At the start of my PhD research, I delineated its context as follows:
Exploring the multiple in a ‘cinema of attractions’
The multiple as such. Here’s a set undefined by elements or boundaries. Locally, it is not individuated; globally it is not summed up. So it’s neither a flock, nor a school, nor a heap, nor a swarm, nor a herd, nor a pack. It is not an aggregate; it is not discrete. It’s a bit viscous perhaps. A lake under the mist, the sea, a white plain, background noise, the murmur of a crowd, time.
Michel Serres, Genesis, pp. 4-5
Multiplicity is a fundamental and constituent component of the phenomenological infrastructure of contemporary multifaceted society (Crocker, 2008). In my doctoral research project, I will use multiple instances of specific interventions in search of a contemporary iteration of the concept ‘cinema of attractions’ (Gunning, 1990).
In addition to being a historical time indication in early cinema theory, ‘cinema of attractions’ also “defines a mode of representation by establishing an opposition between attraction and narrative” (Kessler, 2006). In this second meaning the concept ‘cinema of attractions’ provides the theoretical framework for my research; as an everpresent undercurrent it surges to the surface in the form of ‘Expanded Cinema’ exploits (Youngblood, 1970) or in more contemporary materializations catalogued under the denominator ‘Future Cinema’ (Shaw & Weibel, 2003).
What is central in such a ‘cinema of attractions’ is generating curiosity with the observer, and doing so not by concentrating on the narrative message conveyed, but by trying to expand the code of the medium itself.
To reach this goal I will set up a number of experiments using a methodology of deconstruction and subversion of the perfected apparatus that video has become, a methodology inspired by the media-archeological origins and evolution of that machinery.
The current focus in my work
The approach in both my arts practice and my PhD research is inspired by media archaeology: look in the rear-view mirror, gauge the affordances of an older and maybe analogue media technology, and explore how it can re-inject curiosity and wonder into our relationship with the techno aesthetics of contemporary society.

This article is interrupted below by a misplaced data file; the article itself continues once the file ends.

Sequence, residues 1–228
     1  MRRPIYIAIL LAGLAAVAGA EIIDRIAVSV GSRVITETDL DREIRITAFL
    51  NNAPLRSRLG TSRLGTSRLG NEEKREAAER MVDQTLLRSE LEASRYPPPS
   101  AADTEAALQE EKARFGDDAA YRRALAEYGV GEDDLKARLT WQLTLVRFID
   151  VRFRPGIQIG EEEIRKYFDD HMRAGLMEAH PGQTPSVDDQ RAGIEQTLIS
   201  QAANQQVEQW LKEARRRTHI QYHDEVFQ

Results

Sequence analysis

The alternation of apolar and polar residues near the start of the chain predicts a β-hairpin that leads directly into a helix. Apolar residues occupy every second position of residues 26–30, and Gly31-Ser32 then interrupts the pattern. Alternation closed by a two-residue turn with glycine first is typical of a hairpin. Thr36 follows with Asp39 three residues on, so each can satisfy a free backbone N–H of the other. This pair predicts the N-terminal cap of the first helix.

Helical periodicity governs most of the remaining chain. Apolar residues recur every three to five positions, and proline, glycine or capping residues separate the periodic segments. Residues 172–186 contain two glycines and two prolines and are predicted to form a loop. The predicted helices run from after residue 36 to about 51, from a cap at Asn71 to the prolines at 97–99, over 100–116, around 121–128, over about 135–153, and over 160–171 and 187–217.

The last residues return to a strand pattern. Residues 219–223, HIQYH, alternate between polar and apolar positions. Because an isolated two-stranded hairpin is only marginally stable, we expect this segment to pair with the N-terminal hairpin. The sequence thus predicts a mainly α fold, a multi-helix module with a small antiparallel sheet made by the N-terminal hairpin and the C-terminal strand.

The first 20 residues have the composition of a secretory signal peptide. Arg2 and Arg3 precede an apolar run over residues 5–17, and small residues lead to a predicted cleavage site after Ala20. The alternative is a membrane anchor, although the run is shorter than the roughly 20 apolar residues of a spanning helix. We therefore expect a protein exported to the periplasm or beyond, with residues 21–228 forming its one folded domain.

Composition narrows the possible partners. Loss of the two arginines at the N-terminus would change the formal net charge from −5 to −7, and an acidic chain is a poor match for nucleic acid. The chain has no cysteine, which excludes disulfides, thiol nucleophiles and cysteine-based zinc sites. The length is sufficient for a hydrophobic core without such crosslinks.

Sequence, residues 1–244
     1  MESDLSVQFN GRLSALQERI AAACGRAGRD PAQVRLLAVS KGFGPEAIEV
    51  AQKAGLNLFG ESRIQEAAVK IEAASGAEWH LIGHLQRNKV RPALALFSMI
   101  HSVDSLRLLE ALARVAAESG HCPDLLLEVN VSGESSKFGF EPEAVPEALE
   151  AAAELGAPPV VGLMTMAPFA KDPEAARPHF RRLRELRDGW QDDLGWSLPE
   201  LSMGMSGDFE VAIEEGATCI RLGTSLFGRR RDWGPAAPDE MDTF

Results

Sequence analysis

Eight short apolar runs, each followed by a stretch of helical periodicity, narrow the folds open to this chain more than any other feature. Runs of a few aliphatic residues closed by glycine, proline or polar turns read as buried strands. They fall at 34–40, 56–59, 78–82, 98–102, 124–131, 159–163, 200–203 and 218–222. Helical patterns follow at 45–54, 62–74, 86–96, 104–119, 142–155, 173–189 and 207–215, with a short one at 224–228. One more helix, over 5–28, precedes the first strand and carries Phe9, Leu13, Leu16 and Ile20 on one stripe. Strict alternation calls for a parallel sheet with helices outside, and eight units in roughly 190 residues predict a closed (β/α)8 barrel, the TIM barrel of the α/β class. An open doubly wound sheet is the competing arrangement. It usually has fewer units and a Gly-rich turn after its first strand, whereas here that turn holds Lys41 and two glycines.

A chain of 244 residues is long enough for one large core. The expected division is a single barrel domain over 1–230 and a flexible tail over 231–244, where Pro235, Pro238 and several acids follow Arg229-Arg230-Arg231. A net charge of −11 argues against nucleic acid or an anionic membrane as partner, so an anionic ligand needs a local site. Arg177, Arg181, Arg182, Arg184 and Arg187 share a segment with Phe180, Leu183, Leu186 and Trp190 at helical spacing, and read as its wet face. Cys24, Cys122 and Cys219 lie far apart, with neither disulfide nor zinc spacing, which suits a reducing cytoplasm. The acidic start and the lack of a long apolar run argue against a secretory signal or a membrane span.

Cylindrical anamorphosis is one such seemingly obsolete visual media technology. It has its origins in a 17th century Baroque context of natural and artificial magic: a distorted image can be observed in its reconstituted form through reflection in a cylindrical mirror. The analogue cylindrical mirror has the strange pre-digital processual power to generate images based on the position of the observer. In our media-saturated world where digital processual images are becoming standard, cylindrical anamorphosis uses its own analogue processual power and re-injects its wild analogue magic back into this 21st century digital media apparatus. However, by using moving images that are digitally manipulated, cylindrical anamorphosis is contaminated by the present, and becomes a hybrid contemporary version of artificial magic.
The appropriation of cylindrical anamorphosis is the central research topic in my practice-based PhD. A series of appropriations enables—or even demands—cross-links to other art disciplines such as music and dance, and a media archaeology inspired methodology of short-circuiting past and present can fashion new and imaginary media forms that may provide new insights into how we engage with media, and how media define us as human beings.